The Fifth Amendment protects individual taxpayers from being compelled to testify when such testimony is incriminating. This rule has been held to apply to the records in the custody and control of the taxpayer. However, when the taxpayer is required to maintain the records for non-law enforcement reasons that are public in nature, the Required Records Doctrine authorizes the government to subpoena such records. This is recognized as an exception to the Fifth Amendment.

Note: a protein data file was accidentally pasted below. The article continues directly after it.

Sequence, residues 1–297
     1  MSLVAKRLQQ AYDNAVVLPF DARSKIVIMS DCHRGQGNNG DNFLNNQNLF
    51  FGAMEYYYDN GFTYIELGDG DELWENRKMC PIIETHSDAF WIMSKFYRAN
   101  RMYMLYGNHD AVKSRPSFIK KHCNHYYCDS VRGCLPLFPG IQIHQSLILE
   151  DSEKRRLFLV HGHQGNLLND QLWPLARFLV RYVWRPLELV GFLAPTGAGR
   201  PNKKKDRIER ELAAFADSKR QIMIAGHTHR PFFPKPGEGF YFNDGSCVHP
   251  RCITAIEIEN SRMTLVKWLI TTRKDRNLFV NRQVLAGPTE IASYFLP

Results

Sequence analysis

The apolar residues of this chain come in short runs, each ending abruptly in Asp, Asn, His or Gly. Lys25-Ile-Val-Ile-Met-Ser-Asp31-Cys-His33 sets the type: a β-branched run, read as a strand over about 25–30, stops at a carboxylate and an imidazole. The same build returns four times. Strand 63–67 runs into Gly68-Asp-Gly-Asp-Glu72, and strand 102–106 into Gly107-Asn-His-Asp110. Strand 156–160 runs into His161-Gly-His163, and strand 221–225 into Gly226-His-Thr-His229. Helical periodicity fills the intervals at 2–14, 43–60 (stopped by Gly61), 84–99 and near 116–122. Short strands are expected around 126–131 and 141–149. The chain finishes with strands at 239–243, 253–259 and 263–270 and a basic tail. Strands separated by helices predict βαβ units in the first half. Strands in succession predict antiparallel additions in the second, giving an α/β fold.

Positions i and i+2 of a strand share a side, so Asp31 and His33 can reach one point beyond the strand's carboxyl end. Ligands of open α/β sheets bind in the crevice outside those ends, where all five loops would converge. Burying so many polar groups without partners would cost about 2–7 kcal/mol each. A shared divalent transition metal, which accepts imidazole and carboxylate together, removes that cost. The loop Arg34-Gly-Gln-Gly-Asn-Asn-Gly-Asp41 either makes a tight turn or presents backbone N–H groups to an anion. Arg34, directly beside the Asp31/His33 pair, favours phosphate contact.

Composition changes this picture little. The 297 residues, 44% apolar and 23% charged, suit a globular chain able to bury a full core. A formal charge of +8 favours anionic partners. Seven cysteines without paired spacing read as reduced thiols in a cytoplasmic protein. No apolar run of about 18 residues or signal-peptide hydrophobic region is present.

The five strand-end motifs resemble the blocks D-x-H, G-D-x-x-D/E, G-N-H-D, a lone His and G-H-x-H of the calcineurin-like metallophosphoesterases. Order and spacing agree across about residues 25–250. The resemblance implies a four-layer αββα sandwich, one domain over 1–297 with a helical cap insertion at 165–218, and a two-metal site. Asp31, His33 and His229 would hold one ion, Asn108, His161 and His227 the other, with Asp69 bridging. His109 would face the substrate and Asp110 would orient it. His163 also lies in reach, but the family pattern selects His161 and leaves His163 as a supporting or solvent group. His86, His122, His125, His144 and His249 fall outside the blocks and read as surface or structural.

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Taxpayers who find that they are the target of an IRS tax investigation for possible criminal tax violations are presented with difficult choices that often affect the ultimate outcomes of their cases.
Two Kentucky men were sentenced to between five and more than six years in prison today after pleading guilty in April and May to conspiring to defraud the United States, wire fraud, and aggravated identity theft.